Back to resources

Getting Buy-in From Teams When Restructuring

Leadership
Internal Communication
Reorganization
Team Processes

22 June, 2018

Swapan Rajdev
Swapan Rajdev

Co-founder, CTO at Haptik

Swapan Rajdev, the CTO of Haptik, explains how he was able to reorganize his company while getting buy-in from his employees.

Problem

Six months ago, Haptik went through some reorganization to make sure we were building pods and teams in a way that would help the company to scale. To do this, we held a quarterly offsite meeting to discuss what the reorganization should look like. However, within three months we realized that what we had set up wasn't scaling well. Because of this, three months ago we decided we needed to reorganize a bunch of things.

Actions taken

When you reorganize your company frequently, people will often start to think the company is unstable and will question why things are changing so much. Because of this, we were facing a sensitive situation. We really had to reorganize because otherwise, we would hurt the business, but we were unsure about how to do this in a gentle way. In the past, the CEO, a couple of VP's, and I would have management meetings to discuss our plan of action. Each VP would then talk to their teams and would start implementing the changes, without much cross-team communication. However, when you try to do things secretly, people will notice and it can cause a lot of stress. This time, I decided to talk to each of the teams, to get their buy-in and to gather their feedback. I hinted at the issue we were facing and asked them how they would solve the problem. This allowed them to give solutions and was important as it avoided our teams from feeling as though they were having decisions imposed on them. When you discuss changes in a closed room you miss out on a lot of feedback that you would never think about by yourself. We got a lot of good ideas from people about how things should be changed. When we announced the reorganization in our next offsite meeting, everyone was ready for the changes and it wasn't a surprise to anyone. Because of this, everyone was welcoming of the changes, and people were more aligned with the business' goals.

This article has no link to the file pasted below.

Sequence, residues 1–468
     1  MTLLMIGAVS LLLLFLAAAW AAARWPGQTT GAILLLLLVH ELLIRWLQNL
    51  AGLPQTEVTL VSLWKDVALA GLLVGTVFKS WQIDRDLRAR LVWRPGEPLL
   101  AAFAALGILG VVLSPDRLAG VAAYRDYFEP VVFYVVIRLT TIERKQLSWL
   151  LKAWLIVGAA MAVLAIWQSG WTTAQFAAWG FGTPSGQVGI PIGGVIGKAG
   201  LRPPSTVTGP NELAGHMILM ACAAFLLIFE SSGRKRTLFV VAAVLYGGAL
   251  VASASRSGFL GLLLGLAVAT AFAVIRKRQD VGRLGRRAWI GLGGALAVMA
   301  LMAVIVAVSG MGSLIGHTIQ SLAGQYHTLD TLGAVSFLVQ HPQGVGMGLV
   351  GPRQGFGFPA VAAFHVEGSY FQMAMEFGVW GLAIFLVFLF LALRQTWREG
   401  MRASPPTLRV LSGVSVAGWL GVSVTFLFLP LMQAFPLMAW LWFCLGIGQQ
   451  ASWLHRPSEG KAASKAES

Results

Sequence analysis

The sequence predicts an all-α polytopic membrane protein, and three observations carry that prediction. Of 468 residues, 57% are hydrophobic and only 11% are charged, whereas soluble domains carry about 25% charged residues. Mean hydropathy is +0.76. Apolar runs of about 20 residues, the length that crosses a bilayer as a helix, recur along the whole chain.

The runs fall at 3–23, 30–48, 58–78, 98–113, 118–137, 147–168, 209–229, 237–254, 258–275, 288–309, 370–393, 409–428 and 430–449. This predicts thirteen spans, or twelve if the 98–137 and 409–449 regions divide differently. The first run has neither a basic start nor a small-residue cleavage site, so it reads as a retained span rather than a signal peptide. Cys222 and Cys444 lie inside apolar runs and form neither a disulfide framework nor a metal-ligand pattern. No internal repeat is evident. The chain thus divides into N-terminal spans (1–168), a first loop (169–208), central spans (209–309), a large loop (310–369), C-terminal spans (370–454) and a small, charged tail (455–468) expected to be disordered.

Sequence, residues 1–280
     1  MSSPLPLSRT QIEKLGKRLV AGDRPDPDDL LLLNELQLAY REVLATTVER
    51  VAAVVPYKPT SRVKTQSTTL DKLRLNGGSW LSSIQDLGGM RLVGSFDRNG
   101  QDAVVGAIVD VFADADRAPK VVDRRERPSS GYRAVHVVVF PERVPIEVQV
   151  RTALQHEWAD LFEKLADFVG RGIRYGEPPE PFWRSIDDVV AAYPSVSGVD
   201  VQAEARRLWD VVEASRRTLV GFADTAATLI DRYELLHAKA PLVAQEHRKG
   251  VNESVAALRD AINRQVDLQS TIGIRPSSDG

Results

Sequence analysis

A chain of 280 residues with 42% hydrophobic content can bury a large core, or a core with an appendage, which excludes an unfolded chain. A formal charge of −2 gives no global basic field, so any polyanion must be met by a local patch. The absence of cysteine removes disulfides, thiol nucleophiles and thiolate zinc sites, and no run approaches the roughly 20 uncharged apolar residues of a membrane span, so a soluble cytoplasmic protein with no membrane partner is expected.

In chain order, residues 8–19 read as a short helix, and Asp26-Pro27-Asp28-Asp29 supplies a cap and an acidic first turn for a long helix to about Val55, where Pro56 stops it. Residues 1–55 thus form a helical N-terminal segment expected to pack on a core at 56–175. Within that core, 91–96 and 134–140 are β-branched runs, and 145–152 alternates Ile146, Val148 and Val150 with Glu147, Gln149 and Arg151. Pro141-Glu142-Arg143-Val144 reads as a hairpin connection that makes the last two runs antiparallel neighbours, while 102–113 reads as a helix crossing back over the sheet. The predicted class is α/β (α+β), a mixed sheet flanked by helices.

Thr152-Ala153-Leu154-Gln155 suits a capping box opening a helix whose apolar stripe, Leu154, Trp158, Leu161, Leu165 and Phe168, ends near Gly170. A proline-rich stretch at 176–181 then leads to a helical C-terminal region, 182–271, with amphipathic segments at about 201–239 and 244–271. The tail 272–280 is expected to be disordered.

Lessons learned

When faced with a difficult business situation, you're not alone. Your team may have valuable suggestions and no matter how senior or junior, it's important to get buy-in from the people close to the issue you are facing. Recognize the problem and then talk with the people affected in order to come up with solutions together.

Discover Plato

Scale your coaching effort for your engineering and product teams
Develop yourself to become a stronger engineering / product leader


Related stories

Coaching Women Engineers: Professionally, and for Life

20 January

Yang Wang, Engineering Manager at Bond, shares how she coached several women engineers in her team to boost confidence and help them grow in their careers.

Coaching / Training / Mentorship
Team Processes
Career Path
Yang Wang

Yang Wang

Engineering Manager at Bond

From Big Tech to Startup: Adding Value From Day 1

19 January

Angel Jamie, Chief Product Officer at Yayzy, recalls his transition from a well-established tech company to a sustainability startup, and the major differences he experienced.

Dev Processes
Company Culture
Impact
Team Processes
Cross-Functional Collaboration
Changing Company
Career Path
Performance
Angel Jaime

Angel Jaime

CPO at yayzy

How to Spark Sales-Driven Change

19 January

Nani Nitinavakorn, Sr Product Owner at Revolut, recalls her experience initiating a structural change to optimize her entire company.

Customers
Innovation / Experiment
Leadership
Meetings
Impact
Users
Nani Nitinavakorn

Nani Nitinavakorn

Sr Product Owner at Revolut

What to Do When Candidates Turn Down Your Job Offer

18 January

Rachit Lohani, Head of Engineering at Atlassian, decodes the positive changes he made to the company's recruitment process by getting into the crux of the issue.

Mission / Vision / Charter
Sharing The Vision
Strategy
Team Processes
Rachit Lohani

Rachit Lohani

Head of Engineering at Atlassian

Strategies to Deliver Effective Employee Feedback

18 January

Rachit Lohani, Head of Engineering at Atlassian, shares all his ideas and principles on providing feedback and avoiding discomfort while doing so.

Leadership
Internal Communication
Feedback
Motivation
Strategy
Team Processes
Rachit Lohani

Rachit Lohani

Head of Engineering at Atlassian

You're a great engineer.
Become a great engineering leader.

Plato (platohq.com) is the world's biggest mentorship platform for engineering managers & product managers. We've curated a community of mentors who are the tech industry's best engineering & product leaders from companies like Facebook, Lyft, Slack, Airbnb, Gusto, and more.